Canada’s approach to conversion therapy has been piecemeal, with laws and regulations varying widely by jurisdiction.

Ontario’s 2015 law, for instance, slapped an outright ban on doctors performing such treatments on those under 18 and struck it from the list of insurable services covered for adults.

Nova Scotia’s recently tabled bill, meanwhile, allows a provision for “mature minors” between 16 and 18 to consent to conversion therapy. Manitoba is the only other province to have explicit legislation dealing with the issue.

Zucker said that while he tried to encourage children to accept their birth sex, he supports people making the transition to the gender they identify with if they continue to experience gender dysphoria into adolescence.

He said he believes it’s best for a patient to start medical treatments, such as hormonal treatments and sex-reassignment surgery, if gender dysphoria continues past childhood.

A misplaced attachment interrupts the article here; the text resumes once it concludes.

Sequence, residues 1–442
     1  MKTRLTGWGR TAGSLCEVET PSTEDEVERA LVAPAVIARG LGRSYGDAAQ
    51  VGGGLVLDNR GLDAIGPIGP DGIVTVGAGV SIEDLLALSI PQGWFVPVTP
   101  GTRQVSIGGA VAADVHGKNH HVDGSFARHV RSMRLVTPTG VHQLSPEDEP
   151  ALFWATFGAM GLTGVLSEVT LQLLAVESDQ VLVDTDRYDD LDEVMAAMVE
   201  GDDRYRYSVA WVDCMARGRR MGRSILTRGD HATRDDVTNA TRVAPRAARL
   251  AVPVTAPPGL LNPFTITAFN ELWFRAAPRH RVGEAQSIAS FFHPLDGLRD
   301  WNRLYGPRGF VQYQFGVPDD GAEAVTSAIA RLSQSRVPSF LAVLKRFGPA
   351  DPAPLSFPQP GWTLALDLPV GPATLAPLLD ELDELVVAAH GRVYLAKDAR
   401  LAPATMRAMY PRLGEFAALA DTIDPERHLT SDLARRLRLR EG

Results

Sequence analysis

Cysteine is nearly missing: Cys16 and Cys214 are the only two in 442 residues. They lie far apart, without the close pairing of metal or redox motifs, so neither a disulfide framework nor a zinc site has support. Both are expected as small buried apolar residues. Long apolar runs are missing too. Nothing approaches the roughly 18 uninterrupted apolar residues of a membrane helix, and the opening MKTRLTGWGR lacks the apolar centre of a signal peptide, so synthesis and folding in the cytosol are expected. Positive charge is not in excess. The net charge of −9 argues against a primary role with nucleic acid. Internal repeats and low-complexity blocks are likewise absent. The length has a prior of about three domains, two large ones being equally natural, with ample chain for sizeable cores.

“I’m supportive, when they’re older, of gender-confirming surgery,” he said.

Zucker said the clinic also used other approaches with young patients — aged two to 12 years old — experiencing gender dysphoria, including watchful waiting and a “social transition” where children changed their names and pronouns.

“There wasn’t a one-size-fits-all policy,” said Zucker. “I’ve always accepted where parents are at and what’s in the best interest of their child.”

Alanna Rizza and Michelle McQuigge, The Canadian Press

Like us on Facebook and follow us on Twitter.

Just Posted

Ferry connecting Port Hardy and Bella Coola expected to set sail this summer

Its first in-service route will sail in central coast waters on May 18, 2019.

BC Parks Student Ranger Program accepting applications for 2019 season